These twelve Jesus sent out, instructing them, Brother will deliver brother over to death, and the father his child, and children will rise against parents and have them put to death, and you will be hated by all for my name's sake. But the one who endures to the end will be saved. When they persecute you in one town, flee to the next, for truly, I say to you, you will not have gone through all the towns of Israel before the Son of Man comes. “A disciple is not above his teacher, nor a servant above his master. It is enough for the disciple to be like his teacher, and the servant like his master. If they have called the master of the house Beelzebul, how much more will they malign those of his household. So have no fear of them, for nothing is covered that will not be revealed, or hidden that will not be known. What I tell you in the dark, say in the light, and what you hear whispered, proclaim on the housetops. And do not fear those who kill the body but cannot kill the soul. Rather fear him who can destroy both soul and body in hell. Are not two sparrows sold for a penny? And not one of them will fall to the ground apart from your Father. But even the hairs of your head are all numbered. Fear not, therefore; you are of more value than many sparrows. So everyone who acknowledges me before men, I also will acknowledge before my Father who is in heaven, but whoever denies me before men, I also will deny before my Father who is in heaven. (Mat 10:5, 21-33)
“So everyone who acknowledges me before men, I also will acknowledge before my Father who is in heaven.”
The sending of the twelve, the twelve have been following Jesus for some time because they are in awe of Jesus and his teaching. They marveled at the miracles that he did. And were overjoyed that he had chosen them to be his disciples. Here is a man who stunned the greatest rabbis of his day at twelve years old, holding their attention for three days with his knowledge of scripture, when other boys his age were perhaps more concerned about horses. And now Jesus is apostling them that is the word he used, apostling, that is sending them to speak on his behalf so that their words would be his words. To apostle someone is to basically give them power of attorney. He trusts these twelve that much. Now they are to go proclaim the gospel they love, to teach God’s word. What enthusiasm and excitement they must have been feeling at the opportunity to go share and teach what they had learned!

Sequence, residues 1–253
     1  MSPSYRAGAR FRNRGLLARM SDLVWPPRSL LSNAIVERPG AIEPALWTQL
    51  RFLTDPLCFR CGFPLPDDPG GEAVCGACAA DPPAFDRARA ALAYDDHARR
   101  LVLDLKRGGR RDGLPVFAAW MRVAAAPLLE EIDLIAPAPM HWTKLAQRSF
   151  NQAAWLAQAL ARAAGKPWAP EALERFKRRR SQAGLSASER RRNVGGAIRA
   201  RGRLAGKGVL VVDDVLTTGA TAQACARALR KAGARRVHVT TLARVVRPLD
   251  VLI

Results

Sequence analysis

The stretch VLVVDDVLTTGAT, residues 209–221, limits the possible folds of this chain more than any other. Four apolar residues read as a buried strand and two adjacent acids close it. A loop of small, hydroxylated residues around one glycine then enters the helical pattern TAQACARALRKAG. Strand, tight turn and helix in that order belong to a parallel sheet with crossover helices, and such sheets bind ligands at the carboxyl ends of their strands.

I think we can identify with that a bit. I mean we come to church Sunday after the Sunday because we can’t get enough of it. We give from our hard earned money to support the ministry of the church because we know how important it is to us, and we want to share it with others, our children and grandchildren, our neighbors, friends and coworkers, the whole community. Here, we show up happy, we show up sad. Joys, cares, burdens and worries follow us through the doors, and yet we come because it is God’s word. It is our chance to be with Jesus to grow in the faith, be forgiven and relieved of heavy burdens, to have them replaced by an easy yoke as we sing along in the liturgy, restore unto me the joy of thy salvation. It is time to be with others, to encourage and be encouraged, to lift our brothers and sisters in prayer. There is a love the Christian has for the gospel that is contagious. At least we think it should be, and often it is. We can understand the excitement the disciples must have had when they were charged with this task. The enthusiasm they had to go and be of service to God, it had to have been palpable. The kind of enthusiasm with which a candidate for ministry receives his first call. The excitement we have all had at one time or another when the opportunity has shown itself for us to share our joy, share our faith, to tell others of Jesus and the forgiveness of sins in his death and resurrection. And then.